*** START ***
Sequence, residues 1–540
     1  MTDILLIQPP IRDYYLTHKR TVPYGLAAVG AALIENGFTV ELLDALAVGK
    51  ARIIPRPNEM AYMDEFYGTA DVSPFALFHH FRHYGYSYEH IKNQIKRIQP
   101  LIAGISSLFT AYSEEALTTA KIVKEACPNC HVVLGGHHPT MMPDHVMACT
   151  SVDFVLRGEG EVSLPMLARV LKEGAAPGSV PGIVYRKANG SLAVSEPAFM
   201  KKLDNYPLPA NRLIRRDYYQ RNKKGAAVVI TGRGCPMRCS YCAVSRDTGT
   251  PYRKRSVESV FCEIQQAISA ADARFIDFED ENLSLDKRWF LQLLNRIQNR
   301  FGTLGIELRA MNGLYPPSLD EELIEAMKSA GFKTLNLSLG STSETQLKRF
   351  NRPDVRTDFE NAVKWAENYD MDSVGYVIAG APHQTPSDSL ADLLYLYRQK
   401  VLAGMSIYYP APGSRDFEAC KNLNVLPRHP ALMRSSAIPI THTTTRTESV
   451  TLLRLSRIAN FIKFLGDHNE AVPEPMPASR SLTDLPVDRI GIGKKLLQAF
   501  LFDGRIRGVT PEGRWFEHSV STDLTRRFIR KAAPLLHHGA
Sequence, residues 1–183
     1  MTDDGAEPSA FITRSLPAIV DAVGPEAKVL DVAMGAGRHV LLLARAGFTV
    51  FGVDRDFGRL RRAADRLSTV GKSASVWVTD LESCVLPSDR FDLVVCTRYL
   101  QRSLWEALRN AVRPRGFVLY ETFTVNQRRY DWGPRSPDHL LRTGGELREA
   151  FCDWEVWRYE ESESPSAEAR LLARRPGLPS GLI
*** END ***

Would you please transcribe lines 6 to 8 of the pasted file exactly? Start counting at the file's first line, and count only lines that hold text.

   201  KKLDNYPLPA NRLIRRDYYQ RNKKGAAVVI TGRGCPMRCS YCAVSRDTGT
   251  PYRKRSVESV FCEIQQAISA ADARFIDFED ENLSLDKRWF LQLLNRIQNR
   301  FGTLGIELRA MNGLYPPSLD EELIEAMKSA GFKTLNLSLG STSETQLKRF